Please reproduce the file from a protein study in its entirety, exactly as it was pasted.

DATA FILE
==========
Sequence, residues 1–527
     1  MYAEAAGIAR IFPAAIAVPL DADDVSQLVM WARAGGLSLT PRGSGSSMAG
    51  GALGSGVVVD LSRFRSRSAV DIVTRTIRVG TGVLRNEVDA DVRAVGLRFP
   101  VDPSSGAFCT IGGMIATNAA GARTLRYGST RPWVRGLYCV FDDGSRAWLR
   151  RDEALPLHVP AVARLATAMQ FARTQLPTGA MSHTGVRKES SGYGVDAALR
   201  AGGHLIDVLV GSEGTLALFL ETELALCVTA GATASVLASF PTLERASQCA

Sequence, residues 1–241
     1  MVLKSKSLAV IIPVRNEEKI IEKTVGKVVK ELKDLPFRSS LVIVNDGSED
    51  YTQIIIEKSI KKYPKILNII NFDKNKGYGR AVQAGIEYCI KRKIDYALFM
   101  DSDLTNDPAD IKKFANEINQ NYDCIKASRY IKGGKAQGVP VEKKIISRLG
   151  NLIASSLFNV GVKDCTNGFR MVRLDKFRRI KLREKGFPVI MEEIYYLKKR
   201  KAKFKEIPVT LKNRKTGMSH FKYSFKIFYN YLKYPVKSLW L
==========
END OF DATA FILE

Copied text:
Sequence, residues 1–527
     1  MYAEAAGIAR IFPAAIAVPL DADDVSQLVM WARAGGLSLT PRGSGSSMAG
    51  GALGSGVVVD LSRFRSRSAV DIVTRTIRVG TGVLRNEVDA DVRAVGLRFP
   101  VDPSSGAFCT IGGMIATNAA GARTLRYGST RPWVRGLYCV FDDGSRAWLR
   151  RDEALPLHVP AVARLATAMQ FARTQLPTGA MSHTGVRKES SGYGVDAALR
   201  AGGHLIDVLV GSEGTLALFL ETELALCVTA GATASVLASF PTLERASQCA

Sequence, residues 1–241
     1  MVLKSKSLAV IIPVRNEEKI IEKTVGKVVK ELKDLPFRSS LVIVNDGSED
    51  YTQIIIEKSI KKYPKILNII NFDKNKGYGR AVQAGIEYCI KRKIDYALFM
   101  DSDLTNDPAD IKKFANEINQ NYDCIKASRY IKGGKAQGVP VEKKIISRLG
   151  NLIASSLFNV GVKDCTNGFR MVRLDKFRRI KLREKGFPVI MEEIYYLKKR
   201  KAKFKEIPVT LKNRKTGMSH FKYSFKIFYN YLKYPVKSLW L